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them a sure support in poverty. Writings of Washington, II. 77.
 On the other hand, he sets down on his map of 1683 a mission of the Rcollets at a point north of the farthest sources of the Mississippi, to which no white man had ever penetrated. For a fac-simile of the inscription on this plate, see Olden Time, I. 288. Cloron calls the Kenawha, Chinodahichetha. The inscriptions as given in his Journal correspond with those on the plates discovered.
And now La Salle's work must be begun afresh. He had staked all, and all had seemingly been lost. In stern, relentless effort he had touched the limits of human endurance; and the harvest of his toil was disappointment, disaster, and impending ruin. The shattered fabric of his enterprise was prostrate in the dust. His friends desponded; his foes were blatant and exultant. Did he bend before the storm? No human eye could pierce the depths of his reserved and haughty nature; but the surface was calm, and no sign betrayed a shaken resolve or an altered purpose. Where weaker men would have abandoned all in despairing apathy, he turned anew to his work with the same vigor and the same apparent confidence as if borne on the full tide of success. La Vallire, Journal de ce qui s'est pass Chenitou [Chignecto] et autres parties des Frontires de l'Acadie, 1750-1751. La Vallire was an officer on the spot to the footnote written.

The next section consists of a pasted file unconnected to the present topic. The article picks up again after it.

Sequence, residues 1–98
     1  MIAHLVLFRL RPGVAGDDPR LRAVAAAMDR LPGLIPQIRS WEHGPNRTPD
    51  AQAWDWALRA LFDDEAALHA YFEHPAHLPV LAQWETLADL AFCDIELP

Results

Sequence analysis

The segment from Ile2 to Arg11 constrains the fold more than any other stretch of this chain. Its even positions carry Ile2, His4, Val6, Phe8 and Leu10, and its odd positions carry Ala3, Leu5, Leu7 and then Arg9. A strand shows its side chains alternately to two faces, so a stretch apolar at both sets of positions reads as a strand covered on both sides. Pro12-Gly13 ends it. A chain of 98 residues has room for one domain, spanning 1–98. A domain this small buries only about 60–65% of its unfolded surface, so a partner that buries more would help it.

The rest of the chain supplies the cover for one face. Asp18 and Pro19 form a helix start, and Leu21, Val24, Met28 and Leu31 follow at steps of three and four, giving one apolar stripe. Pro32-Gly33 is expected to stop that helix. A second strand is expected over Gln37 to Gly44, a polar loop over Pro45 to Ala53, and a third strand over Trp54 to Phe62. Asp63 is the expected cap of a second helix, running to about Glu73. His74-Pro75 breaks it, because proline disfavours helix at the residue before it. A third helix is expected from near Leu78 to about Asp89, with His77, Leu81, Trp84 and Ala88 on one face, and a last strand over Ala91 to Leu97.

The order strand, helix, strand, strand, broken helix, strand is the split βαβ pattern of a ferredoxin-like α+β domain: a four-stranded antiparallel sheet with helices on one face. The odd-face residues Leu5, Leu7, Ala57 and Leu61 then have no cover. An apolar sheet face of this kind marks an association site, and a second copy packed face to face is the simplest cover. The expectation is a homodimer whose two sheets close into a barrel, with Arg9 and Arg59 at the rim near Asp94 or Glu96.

* The Jesuits were afterwards told by Hurons, captive among
[Pg 158]The minister, Ponchartrain, was struck by Costebelle's suggestion, and wrote both to him and to Vaudreuil in high approval of it. To Vaudreuil he says: "Monsieur de Costebelle has informed me that the chief object of the armament made by the English last year was to establish their sovereignty at Boston and New York, the people of these provinces having always maintained a sort of republic, governed by their council, and having been unwilling to receive absolute governors from the kings of England. This destination of the armament seems to me probable, and it is much to be wished that the Council at Boston could be informed of the designs of the English court, and shown how important it is for that province to remain in the state of a republic. The King would even approve our helping it to do so. If you see any prospect of success, no means should be spared to secure it. The matter is of the greatest importance, but care is essential to employ persons who have the talents necessary for conducting it, besides great secrecy and prudence, as well as tried probity and fidelity. This affair demands your best attention, and must be conducted with great care and precaution, in order that no false step may be taken." Morin, a contemporary record, from which Faillon gives long